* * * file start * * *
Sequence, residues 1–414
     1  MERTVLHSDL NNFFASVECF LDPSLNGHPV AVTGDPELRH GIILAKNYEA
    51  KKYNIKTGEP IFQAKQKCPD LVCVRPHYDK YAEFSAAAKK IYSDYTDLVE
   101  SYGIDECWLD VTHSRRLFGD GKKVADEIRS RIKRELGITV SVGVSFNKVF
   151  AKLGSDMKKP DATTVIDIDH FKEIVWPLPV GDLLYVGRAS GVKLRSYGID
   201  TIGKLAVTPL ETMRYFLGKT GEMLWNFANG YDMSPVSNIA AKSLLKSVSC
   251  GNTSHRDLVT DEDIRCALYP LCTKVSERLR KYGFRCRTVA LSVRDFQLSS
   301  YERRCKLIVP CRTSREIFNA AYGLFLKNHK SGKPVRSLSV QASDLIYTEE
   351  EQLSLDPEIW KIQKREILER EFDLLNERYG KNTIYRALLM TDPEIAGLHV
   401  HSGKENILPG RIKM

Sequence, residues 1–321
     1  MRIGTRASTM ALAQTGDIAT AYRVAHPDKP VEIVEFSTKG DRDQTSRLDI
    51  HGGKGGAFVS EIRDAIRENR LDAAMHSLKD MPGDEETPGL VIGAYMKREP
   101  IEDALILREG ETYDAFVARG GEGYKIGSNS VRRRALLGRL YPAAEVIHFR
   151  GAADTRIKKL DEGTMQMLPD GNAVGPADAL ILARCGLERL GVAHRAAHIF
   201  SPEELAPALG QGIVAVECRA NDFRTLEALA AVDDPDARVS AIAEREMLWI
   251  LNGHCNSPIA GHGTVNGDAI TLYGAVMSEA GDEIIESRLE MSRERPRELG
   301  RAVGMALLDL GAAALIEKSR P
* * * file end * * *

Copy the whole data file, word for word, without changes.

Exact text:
Sequence, residues 1–414
     1  MERTVLHSDL NNFFASVECF LDPSLNGHPV AVTGDPELRH GIILAKNYEA
    51  KKYNIKTGEP IFQAKQKCPD LVCVRPHYDK YAEFSAAAKK IYSDYTDLVE
   101  SYGIDECWLD VTHSRRLFGD GKKVADEIRS RIKRELGITV SVGVSFNKVF
   151  AKLGSDMKKP DATTVIDIDH FKEIVWPLPV GDLLYVGRAS GVKLRSYGID
   201  TIGKLAVTPL ETMRYFLGKT GEMLWNFANG YDMSPVSNIA AKSLLKSVSC
   251  GNTSHRDLVT DEDIRCALYP LCTKVSERLR KYGFRCRTVA LSVRDFQLSS
   301  YERRCKLIVP CRTSREIFNA AYGLFLKNHK SGKPVRSLSV QASDLIYTEE
   351  EQLSLDPEIW KIQKREILER EFDLLNERYG KNTIYRALLM TDPEIAGLHV
   401  HSGKENILPG RIKM

Sequence, residues 1–321
     1  MRIGTRASTM ALAQTGDIAT AYRVAHPDKP VEIVEFSTKG DRDQTSRLDI
    51  HGGKGGAFVS EIRDAIRENR LDAAMHSLKD MPGDEETPGL VIGAYMKREP
   101  IEDALILREG ETYDAFVARG GEGYKIGSNS VRRRALLGRL YPAAEVIHFR
   151  GAADTRIKKL DEGTMQMLPD GNAVGPADAL ILARCGLERL GVAHRAAHIF
   201  SPEELAPALG QGIVAVECRA NDFRTLEALA AVDDPDARVS AIAEREMLWI
   251  LNGHCNSPIA GHGTVNGDAI TLYGAVMSEA GDEIIESRLE MSRERPRELG
   301  RAVGMALLDL GAAALIEKSR P